How Closing Credit Cards Affects Your Credit Score

Woman lying on couch with credit card and tablet

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Part of managing credit cards involves making important and sometimes tough decisions about closing them. Before you pick up the phone to call your credit card company to close your credit card for good, take some time to learn what will happen to your credit score if you close the card.

Contrary to what you may have read on the internet or heard from a friend or relative, closing credit cards never raises your credit score. Closing the credit card won't erase the card's history from your credit report, nor will it keep the history from being included in your credit score calculation. So, if you're closing a credit card to increase your credit score, think again, because that tactic won't work. The credit card's full history will remain on your credit report long after your credit card has been closed. It will still be included when your credit score is calculated.

Because there are so many different statements about how closing a credit card affects your credit score, I spoke with Craig Watts, Public Affairs Director at FICO to clear up some misconceptions about what happens to your FICO when you close a credit card.

About Credit/Debt: In terms of credit utilization, does closing a credit card hurt your FICO score? Will your credit utilization go up because you closed a credit card that still has a balance?

Craig Watts: Because the person's credit report will continue to show an active outstanding balance for that account - even though the account has been closed - the FICO formula will continue to include that account in its calculation of utilization rate.  As the consumer pays down that account's outstanding balance, the decreasing balance should have a positive effect on the person's utilization rate and FICO score, everything else being equal. Once the outstanding balance is reported on the credit report as zero, the FICO score will no longer include that closed revolving account in its calculation of utilization rate. Just to be clear, the formula always tries to include any open revolving accounts in its utilization rate calculations, whether those accounts have outstanding balances or show a zero balance.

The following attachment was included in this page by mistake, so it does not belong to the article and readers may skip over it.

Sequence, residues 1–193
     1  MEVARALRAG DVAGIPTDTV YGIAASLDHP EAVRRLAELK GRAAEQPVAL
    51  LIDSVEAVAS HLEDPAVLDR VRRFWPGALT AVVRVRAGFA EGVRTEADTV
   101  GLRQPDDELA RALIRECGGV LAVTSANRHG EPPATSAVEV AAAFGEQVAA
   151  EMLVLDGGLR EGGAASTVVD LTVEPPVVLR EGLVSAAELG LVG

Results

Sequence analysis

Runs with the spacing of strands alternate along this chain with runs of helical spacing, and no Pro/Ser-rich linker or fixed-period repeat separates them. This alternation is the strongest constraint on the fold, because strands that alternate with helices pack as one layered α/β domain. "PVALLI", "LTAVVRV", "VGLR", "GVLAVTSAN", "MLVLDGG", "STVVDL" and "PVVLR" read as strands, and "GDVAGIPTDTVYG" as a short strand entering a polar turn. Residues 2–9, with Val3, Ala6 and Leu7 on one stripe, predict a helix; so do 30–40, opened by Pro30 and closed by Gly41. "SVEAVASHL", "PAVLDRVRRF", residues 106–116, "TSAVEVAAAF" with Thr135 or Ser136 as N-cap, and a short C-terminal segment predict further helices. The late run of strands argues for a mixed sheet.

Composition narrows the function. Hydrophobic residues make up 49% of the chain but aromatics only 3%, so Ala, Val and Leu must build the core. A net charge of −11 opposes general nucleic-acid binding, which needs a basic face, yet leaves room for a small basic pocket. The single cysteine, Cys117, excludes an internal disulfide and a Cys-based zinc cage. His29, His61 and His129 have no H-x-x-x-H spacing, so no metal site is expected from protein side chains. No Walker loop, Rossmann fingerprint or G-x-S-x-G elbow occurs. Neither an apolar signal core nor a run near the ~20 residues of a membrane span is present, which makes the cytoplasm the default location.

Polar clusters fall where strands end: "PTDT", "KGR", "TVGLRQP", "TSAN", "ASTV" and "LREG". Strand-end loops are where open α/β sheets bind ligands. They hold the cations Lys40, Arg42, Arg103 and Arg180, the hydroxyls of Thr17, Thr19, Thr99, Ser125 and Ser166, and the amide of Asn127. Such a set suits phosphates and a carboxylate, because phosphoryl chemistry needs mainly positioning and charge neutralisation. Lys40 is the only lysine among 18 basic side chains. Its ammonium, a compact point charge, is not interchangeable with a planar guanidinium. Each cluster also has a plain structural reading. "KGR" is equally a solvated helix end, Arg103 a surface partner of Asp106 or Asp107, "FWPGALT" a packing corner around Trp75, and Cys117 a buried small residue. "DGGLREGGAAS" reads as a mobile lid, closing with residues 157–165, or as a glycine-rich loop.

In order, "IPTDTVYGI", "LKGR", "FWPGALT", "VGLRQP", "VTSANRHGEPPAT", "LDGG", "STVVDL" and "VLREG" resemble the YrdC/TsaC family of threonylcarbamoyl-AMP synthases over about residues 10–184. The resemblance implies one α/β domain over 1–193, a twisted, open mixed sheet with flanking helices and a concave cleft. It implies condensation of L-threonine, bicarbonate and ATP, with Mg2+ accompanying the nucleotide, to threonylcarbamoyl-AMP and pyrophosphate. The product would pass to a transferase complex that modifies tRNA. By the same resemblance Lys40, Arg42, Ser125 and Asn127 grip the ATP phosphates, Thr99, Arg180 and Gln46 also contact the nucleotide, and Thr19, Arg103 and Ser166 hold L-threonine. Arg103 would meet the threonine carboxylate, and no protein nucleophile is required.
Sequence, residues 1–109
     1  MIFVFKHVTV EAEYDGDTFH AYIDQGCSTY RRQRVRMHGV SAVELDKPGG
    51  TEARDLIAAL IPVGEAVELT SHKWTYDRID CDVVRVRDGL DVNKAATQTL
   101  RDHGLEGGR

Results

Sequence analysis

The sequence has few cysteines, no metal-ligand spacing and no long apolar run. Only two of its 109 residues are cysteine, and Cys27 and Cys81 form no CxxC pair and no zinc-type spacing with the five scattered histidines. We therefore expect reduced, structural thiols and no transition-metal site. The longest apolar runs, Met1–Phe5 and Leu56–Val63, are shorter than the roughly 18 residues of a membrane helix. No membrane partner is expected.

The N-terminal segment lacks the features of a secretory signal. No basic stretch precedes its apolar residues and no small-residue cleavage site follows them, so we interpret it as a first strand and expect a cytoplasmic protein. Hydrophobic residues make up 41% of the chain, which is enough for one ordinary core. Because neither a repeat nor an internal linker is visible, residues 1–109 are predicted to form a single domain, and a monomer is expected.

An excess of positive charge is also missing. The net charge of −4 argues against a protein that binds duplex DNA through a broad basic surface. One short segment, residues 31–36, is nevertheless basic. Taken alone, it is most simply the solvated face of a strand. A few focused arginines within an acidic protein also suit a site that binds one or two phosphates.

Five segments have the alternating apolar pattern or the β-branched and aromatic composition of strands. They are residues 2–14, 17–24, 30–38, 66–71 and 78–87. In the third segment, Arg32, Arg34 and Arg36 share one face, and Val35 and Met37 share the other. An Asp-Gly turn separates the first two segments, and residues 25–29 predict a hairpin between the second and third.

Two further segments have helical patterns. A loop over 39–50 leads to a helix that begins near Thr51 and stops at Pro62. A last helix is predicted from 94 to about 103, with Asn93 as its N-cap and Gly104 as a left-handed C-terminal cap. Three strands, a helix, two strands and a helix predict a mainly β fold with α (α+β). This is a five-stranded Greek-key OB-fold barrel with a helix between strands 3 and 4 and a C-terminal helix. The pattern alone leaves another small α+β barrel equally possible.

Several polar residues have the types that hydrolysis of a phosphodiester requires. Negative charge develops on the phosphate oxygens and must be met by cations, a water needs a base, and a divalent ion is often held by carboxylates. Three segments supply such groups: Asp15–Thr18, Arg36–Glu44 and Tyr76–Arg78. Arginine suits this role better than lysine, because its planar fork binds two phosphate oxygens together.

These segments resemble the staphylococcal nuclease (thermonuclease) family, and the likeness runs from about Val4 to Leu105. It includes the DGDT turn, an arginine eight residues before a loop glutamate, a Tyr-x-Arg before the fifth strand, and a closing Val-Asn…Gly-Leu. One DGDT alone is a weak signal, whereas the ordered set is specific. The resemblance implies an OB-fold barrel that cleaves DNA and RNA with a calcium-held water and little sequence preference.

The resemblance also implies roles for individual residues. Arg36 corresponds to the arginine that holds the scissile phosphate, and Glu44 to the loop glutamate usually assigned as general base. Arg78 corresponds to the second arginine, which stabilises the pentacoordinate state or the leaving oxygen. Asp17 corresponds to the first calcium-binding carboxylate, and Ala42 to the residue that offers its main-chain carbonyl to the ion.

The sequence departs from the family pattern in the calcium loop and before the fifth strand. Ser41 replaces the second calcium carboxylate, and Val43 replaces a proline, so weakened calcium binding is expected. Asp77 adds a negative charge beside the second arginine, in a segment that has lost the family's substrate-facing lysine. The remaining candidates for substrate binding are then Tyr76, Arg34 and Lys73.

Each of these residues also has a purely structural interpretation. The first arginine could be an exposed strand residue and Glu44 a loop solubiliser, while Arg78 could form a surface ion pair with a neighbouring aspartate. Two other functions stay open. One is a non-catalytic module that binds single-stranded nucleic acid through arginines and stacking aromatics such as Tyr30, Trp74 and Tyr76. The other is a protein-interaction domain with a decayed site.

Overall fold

About: What about credit age? It is widely-reported, even among some reputable websites (including me) that closing your oldest credit card lowers your credit age thereby lowering your FICO score. Is that true?

Craig: We helped perpetuate that myth a little bit. In the old days, we were way too cautious [about the effect of closing an old credit card]. The FICO score calculation looks at both open and closed accounts. As long as the account history is still on the credit report, it’s included in the FICO score. The catch is that at some point, ​credit bureaus remove accounts from the report. Each credit bureau has their own internal structure for removing accounts, but it’s something like ten years. So, that’s not something you have to worry about for at least a decade.

About: When the credit card issuer closes a credit card, there’s often a comment left on the credit report, “Closed by credit grantor.” Is there anything about that comment that hurts one’s FICO score?

Craig: No. It doesn’t matter who closed the card.

In short, your credit score could be affected by closing a credit card if

  • The card still has a balance.
  • It still has available credit when your other cards don't.
  • It was the first card you ever opened (though this won't matter for about 10 years)
  • You don't have any other credit cards

For your credit score's sake, it's important to evaluate your decision to close a credit card before taking action. Read Five Credit Cards You Should Never Close to help make a reasonable decision.

Interview with Craig Watts done on May 13, 2009.